It will grow back Linemen shave heads to support child with leukemia

  • Wednesday, March 26, 2014

The South Carolina Electric and Gas linemen all shaved their heads in support of Emma Grace. PHOTOS BY DUSTIN WATERS

Photos

Four by four, the twenty linemen gathered at the South Carolina Electric and Gas office in Mount Pleasant take a seat and go under the clippers. As their co-workers and family members look on, each linemen has his head shaved clean and it doesn’t take long before the jokes start to flow. With the type of blunt honesty that you only get from close friends, one of the newly bald linemen is told – quite accurately – that he looks like Gargamel from “The Smurfs.” While it’s clear that a shaved head isn’t exactly the best look for some of the men, today is about more than just haircuts. These men are all giving up their hair to show young Emma Grace, daughter of fellow journeyman lineman Thad Bostian, that she isn’t alone.

Six-year-old Emma Grace of Mount Pleasant was diagnosed with leukemia this past Oct. 22 and following her most recent round of chemotherapy treatments, she has lost all of her hair. Her father Thad told his co-workers not to worry if he showed up to work one day without any hair. He said he would be shaving his head for his daughter, and being the group that they are, his fellow linemen weren’t going to let him do it alone.

“We’d all go out of our way to do anything for each other,” Thad says. “I hope that it will maybe put a little bit of faith back in the community. To see that with all the bad stuff going on in the world there’s still happy people who do nice things.”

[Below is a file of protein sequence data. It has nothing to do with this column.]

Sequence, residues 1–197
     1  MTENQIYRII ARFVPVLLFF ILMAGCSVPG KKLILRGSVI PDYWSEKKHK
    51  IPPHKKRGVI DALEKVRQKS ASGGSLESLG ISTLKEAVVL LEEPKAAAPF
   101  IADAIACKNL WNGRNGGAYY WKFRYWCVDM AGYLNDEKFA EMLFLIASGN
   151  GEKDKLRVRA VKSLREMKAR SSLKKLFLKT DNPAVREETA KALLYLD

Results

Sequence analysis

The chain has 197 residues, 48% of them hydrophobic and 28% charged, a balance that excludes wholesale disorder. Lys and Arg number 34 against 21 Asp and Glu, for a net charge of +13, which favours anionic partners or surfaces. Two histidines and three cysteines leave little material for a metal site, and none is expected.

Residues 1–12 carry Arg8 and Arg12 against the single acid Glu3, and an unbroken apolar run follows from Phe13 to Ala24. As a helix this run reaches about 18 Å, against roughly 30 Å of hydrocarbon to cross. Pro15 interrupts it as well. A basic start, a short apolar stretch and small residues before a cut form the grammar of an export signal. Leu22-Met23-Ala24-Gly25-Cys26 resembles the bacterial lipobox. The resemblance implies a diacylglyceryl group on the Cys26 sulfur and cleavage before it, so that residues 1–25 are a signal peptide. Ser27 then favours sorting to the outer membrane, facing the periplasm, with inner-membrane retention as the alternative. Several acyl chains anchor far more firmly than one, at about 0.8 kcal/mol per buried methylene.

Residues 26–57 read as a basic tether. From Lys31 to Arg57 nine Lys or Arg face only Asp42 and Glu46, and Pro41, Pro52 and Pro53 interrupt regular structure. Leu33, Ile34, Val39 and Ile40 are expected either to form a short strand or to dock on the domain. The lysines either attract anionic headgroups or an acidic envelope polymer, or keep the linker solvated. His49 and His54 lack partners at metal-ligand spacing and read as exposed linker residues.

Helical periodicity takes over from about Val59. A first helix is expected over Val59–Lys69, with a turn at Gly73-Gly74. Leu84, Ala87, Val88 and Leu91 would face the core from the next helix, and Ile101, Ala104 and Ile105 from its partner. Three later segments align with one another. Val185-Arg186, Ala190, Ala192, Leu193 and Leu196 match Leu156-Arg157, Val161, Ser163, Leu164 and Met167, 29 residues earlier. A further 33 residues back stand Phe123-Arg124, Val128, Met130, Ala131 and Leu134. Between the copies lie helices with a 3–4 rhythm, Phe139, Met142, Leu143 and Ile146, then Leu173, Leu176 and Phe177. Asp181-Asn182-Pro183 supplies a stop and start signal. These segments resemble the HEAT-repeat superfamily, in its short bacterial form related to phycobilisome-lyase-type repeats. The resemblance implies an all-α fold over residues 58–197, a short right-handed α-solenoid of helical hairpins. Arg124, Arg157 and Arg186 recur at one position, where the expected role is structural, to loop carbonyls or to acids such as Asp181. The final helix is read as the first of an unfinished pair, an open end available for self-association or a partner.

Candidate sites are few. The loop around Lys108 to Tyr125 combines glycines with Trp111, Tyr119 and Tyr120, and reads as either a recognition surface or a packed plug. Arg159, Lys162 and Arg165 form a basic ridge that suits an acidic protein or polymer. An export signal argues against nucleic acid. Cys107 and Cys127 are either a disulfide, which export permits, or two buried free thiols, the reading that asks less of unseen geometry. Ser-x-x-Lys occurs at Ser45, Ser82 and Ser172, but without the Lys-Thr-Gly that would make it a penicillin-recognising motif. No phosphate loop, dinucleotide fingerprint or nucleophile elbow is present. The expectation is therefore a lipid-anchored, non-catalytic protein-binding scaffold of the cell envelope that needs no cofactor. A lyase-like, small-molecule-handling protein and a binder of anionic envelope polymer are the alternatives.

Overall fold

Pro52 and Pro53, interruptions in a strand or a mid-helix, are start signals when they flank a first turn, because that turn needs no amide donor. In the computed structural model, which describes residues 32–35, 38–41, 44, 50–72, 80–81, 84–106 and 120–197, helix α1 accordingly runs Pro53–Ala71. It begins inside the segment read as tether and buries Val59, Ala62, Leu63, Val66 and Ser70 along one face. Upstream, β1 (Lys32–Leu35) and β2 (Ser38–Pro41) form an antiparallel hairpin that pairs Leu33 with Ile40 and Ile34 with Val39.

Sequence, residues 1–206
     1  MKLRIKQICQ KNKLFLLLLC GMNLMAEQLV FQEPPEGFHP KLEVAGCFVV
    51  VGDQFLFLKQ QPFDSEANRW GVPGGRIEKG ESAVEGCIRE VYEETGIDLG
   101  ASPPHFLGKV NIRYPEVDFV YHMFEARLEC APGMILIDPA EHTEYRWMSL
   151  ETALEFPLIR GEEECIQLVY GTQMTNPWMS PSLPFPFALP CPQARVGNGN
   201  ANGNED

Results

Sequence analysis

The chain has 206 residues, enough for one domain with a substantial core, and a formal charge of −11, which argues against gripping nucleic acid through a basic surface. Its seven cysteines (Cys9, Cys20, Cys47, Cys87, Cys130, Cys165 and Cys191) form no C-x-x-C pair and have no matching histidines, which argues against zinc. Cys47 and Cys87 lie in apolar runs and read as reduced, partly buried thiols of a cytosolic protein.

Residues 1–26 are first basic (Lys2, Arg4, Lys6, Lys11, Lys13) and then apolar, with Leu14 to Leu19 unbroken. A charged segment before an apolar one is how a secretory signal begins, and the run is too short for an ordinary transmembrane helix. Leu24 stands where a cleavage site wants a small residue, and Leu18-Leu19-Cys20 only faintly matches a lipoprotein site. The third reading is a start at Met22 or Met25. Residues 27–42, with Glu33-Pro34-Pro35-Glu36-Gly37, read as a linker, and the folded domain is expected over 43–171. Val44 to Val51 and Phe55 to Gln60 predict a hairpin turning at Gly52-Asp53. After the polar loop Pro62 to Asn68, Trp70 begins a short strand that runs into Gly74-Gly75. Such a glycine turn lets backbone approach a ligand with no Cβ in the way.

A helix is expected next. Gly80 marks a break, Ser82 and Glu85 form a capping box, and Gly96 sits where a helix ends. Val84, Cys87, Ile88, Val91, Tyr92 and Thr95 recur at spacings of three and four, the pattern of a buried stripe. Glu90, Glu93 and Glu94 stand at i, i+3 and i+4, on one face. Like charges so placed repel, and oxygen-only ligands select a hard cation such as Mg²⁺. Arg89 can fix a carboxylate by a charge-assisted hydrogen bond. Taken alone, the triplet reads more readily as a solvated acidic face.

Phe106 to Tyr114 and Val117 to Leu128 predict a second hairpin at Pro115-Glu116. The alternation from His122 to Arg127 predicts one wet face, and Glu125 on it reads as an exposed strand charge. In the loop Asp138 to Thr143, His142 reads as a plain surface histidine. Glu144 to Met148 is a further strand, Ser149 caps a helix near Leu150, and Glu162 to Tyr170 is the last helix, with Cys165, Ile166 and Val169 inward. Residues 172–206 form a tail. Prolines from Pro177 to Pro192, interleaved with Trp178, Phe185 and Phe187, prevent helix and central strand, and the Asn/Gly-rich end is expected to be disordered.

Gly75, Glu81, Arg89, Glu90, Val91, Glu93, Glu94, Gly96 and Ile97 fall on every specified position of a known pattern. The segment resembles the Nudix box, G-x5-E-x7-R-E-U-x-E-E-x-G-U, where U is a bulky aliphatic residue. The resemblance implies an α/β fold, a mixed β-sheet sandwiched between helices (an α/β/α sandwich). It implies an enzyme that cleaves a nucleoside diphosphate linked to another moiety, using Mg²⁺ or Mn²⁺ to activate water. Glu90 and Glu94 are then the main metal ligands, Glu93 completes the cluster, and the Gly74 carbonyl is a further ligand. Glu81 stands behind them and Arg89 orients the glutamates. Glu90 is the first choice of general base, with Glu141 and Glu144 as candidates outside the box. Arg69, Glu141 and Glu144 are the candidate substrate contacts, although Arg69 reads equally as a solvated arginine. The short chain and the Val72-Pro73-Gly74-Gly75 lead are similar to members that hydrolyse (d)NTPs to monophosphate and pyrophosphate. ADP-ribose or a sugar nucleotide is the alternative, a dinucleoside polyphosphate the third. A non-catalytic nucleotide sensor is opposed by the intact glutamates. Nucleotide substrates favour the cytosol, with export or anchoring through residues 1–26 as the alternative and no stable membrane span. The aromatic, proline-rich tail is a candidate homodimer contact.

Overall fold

Emma Grace watches things unfold from atop her father’s knee, a smile ear to ear. Later, when asked who looks best with a shaved head, she simply repiles, “Daddy,” before sheepishly burying her face in his chest. But for now, as she sits listening to all the heckles and chatter, she is anything but shy. Raising her voice above the din of laughter, she shows us all what courage and optimism truly are, assuring the men, “Don’t worry. It’ll grow back.”

Acute lymphoblastic leukemia is the most common form of cancer amongst children and teens, affecting more than 3,600 each year. Thankfully, recent studies show a dramatic rise in the number of successful treatments with more than 90 percent of cases going into remission.

To learn more about cancer in children or to learn how you can donate or volunteer your time, please visit the American Cancer Society website at www.cancer.org/cancer/cancerinchildren/.

Dustin Waters is one of our staff reporters and the staff copy editor. Follow Dustin on Twitter @MNreports for more news updates.

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